Your age could impact how successful you are in the YouEconomy.
Before you assume I’m saying you’re too young or old to make a go of it on your own, let’s get this straight first: Anyone of any age can join the YouEconomy and find success with the right work ethic, attitude and resources.
Related: Why You Should Join the YouEconomy
But your stage of life will have a big impact on how you succeed and what your journey looks like. Here’s how your age group might stack up against the others and what you can expect as you create your career.
Teens and 20s:
As a tech native, you see and feel your way through social situations, problems, and tasks in a way the older generations may never. The foothold of GPS technology in the 2000s and the proliferation of the internet in most U.S. households gave rise to what we now call the YouEconomy—a cultural wave you’ve always taken for granted. You are tech savvy, are less attached to the old ways of doing things, and have given innovation a cultural boost. On the other hand, you may lack funding to back up new YouEconomy endeavors, and your age means you lack experience comparable to older generations in leadership and work/life balance. If you’re in your teens or 20s and are ready to join the YouEconomy, look for an older mentor who can help you make up for these challenges while you pursue your significant strengths.
Your 30s are a decade of self-awareness. You believe in yourself and your worth far more than in your 20s, so your potential is even greater. At the same time, life may have gotten more complicated with increasing financial and family obligations—all the more reason to take advantage of the flexibility of the YouEconomy. A part-time entrance might be ideal for you at this point. And since 72 percent of American adults have used at least one shared or on-demand service (with one in five using four or more of them!), you’ve got a big market of potential customers. You’ve also acquired advanced skills at this point, so freelance work in creative or consulting fields are open to you in a bigger way. If you decide to make the leap or are ready to expand your YouEconomy footprint, look for opportunities to build a regular client base and establish consistent income with those repeat buyers.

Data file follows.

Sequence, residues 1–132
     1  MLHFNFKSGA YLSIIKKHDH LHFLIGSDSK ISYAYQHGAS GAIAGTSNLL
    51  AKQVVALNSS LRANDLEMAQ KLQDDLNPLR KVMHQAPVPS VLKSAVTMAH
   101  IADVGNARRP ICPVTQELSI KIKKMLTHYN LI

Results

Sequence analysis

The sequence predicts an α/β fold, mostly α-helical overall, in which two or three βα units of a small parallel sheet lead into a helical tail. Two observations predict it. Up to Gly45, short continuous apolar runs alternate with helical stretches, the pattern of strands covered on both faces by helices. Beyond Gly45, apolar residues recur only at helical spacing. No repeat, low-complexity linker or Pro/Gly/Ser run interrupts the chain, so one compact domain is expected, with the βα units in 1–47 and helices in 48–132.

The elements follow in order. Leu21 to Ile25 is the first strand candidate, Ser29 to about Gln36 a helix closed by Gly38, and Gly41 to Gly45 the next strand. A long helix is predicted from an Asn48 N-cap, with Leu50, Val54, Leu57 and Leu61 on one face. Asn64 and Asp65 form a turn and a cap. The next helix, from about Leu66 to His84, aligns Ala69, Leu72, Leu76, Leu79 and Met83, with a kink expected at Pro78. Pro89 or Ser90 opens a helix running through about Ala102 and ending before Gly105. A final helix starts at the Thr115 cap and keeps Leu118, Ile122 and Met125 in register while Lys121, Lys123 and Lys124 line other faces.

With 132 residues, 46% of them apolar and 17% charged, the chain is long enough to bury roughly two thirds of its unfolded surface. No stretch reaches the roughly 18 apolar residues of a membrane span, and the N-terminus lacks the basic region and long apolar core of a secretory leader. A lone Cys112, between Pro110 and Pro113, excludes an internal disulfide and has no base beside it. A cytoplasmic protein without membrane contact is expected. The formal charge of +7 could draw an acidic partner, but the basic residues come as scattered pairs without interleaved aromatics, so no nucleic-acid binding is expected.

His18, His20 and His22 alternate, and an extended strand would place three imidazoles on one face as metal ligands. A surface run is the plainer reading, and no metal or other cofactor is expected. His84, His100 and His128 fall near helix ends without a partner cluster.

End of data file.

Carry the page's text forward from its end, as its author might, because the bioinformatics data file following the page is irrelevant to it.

40s and 50s:
The conventional opinion is that younger people are better at taking risks when it comes to starting a business, but a recent survey by Kellogg Insight of 2.7 million company founders shows the opposite is true. A startup founder who is 50 years old is 1.8 times more likely to start a company that ends up in the top 0.1 percentile of their industry than a 30-year-old founder. It’s even more significant when compared to founders in their 20s. A 40-year-old founder is 2.1 times more likely to found a successful company than someone who is only 25. Even when it comes to technology companies—those mythical fountains of youth and balance ball chairs—the average age of founders was actually 45. At this point in your life, you have everything you need to succeed, except maybe time. So delegation and streamlining will be your challenges. Look for ways to outsource even a few hours per week as you get going.
60s and 70s:
The number of people in the YouEconomy who have long careers behind them is growing. Your skills as an accomplished and mature asset are in demand at large organizations and corporations. In fact, a May 2018 report by Civic shows there are 1.5 million experts helping companies with their knowledge and expertise. Because your market has deeper pockets, your earning potential is greater. Experts who consult for companies earn up to $1,000 per hour. Your challenges might be with seeing how technology is impacting your market, so be sure to get educated on the latest trends by someone in the know. Then put away your résumé and hang out a shingle—you just might be at the start of a successful second (or third) career.
If you’re ready to join the YouEconomy or up your independent game, remember that in the right circumstances your age is not an obstacle but an advantage.
This article originally appeared in the September/October 2019 issue of SUCCESS magazine.